The fruit of this herb is also known as St Mary's milk and is commonly used for its protective effects on the liver. Legend has it Mary's milk was spilled when breastfeeding baby Jesus and St Mary's milk thistle grew where the milk had spilt with its milk stained leaves.
Milk thistle is one of the largest types of thistles growing up to 1.5m tall. It is an annual plant which is mostly odourless with a nasty bitter taste. Milk thistle is native to Asia and Africa and today is found growing all over the world. In Australia it is classed as a noxious weed but is also cultivated commercially as a medicine in some parts. The white hairs are removed and the fruits and roots can be used for medicinal purposes.
The active constituents found in milk thistle are used as a mild laxative and its liver protective properties, they include;
Milk thistle is used in supportive treatments for inflammatory inflammatory liver conditions and liver cirrhosis. It can also be taken as a mild laxative and for gallbladder problems. Milk thistle is most frequently used to protect the liver and in some cases to help treat varicose veins. Milk thistle is most commonly taken as a tea, tincture or as herbal capsules.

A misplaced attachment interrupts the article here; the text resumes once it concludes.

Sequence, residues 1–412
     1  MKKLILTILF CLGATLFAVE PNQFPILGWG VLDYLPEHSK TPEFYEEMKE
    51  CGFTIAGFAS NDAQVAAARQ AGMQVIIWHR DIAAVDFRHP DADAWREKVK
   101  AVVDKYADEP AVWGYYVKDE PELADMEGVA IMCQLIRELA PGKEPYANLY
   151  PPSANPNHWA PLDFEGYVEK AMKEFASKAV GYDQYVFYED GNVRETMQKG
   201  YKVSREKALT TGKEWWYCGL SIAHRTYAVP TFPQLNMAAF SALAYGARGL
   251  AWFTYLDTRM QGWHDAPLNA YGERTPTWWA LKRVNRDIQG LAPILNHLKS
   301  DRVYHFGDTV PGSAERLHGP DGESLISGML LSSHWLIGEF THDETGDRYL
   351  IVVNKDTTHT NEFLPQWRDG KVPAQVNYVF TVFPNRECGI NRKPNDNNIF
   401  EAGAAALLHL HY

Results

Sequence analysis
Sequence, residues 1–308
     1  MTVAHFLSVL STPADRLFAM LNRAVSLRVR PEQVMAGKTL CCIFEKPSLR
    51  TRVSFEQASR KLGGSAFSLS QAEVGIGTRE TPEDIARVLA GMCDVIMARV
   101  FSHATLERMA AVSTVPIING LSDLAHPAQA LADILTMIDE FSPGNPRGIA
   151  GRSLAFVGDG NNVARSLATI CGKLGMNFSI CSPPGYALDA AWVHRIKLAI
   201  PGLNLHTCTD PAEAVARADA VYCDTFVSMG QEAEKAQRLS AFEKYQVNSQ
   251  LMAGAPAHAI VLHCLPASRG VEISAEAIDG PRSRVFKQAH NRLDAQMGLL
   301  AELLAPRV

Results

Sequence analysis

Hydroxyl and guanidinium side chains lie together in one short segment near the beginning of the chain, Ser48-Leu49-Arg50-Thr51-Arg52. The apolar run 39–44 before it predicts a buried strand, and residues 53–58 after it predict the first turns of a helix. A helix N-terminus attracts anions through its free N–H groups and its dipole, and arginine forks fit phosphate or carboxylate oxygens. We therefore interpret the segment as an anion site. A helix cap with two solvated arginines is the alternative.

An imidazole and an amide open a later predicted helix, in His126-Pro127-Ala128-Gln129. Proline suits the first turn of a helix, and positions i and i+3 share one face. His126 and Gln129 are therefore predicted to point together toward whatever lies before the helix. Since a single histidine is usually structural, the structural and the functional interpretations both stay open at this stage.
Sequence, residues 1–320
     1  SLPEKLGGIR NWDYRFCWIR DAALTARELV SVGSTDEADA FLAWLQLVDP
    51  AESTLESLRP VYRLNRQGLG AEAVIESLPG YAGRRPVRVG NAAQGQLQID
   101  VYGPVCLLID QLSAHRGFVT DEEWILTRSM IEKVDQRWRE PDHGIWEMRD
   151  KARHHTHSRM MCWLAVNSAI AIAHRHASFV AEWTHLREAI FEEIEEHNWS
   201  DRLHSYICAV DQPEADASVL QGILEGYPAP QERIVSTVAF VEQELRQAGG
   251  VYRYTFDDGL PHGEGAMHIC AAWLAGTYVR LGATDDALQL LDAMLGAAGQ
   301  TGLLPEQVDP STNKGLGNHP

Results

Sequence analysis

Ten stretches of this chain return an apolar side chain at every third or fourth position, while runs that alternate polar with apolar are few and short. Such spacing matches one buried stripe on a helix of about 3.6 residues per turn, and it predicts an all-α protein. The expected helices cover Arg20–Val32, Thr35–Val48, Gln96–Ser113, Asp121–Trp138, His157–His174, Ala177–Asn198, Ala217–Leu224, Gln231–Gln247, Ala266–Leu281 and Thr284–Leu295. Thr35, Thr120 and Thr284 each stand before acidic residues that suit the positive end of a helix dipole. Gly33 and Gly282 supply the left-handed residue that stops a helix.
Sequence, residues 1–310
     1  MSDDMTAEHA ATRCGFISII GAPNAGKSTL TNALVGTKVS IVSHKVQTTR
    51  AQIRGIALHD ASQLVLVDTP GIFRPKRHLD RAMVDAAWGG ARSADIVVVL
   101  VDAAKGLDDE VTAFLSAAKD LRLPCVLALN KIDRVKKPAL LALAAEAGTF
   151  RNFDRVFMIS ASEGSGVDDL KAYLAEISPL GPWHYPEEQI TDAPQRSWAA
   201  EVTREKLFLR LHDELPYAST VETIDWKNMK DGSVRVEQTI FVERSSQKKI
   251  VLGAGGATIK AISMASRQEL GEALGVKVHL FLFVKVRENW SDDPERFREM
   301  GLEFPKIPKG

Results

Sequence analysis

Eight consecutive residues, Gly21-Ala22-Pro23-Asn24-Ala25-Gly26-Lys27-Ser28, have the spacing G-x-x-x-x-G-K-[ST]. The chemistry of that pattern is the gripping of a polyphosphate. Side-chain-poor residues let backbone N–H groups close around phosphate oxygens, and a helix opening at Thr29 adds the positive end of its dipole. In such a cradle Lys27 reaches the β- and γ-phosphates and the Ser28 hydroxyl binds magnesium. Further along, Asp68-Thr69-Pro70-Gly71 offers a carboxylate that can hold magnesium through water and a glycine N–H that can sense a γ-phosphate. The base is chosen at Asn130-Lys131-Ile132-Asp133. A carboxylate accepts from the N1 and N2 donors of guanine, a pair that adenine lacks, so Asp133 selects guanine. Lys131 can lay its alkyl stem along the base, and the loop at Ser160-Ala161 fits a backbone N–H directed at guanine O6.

(Not intended as medical advice)
Comments will be approved before showing up.
Chamomile is probably one of the most well known healing herbs used in traditional medicine. The word Matricaria derives from the Latin word womb and chamomile was originally used to treat gynaecological issues. The two types of chamomile used are Roman camomile and German or wild chamomile.
Chamomile is an annual plant and can grow up to around 80cm tall. It has bright green hairy leaves with a mix of small white and yellow flowers. Chamomile originally grew in South Eastern Europe and today is found all over the world where it is often referred to as 'the plant doctor.'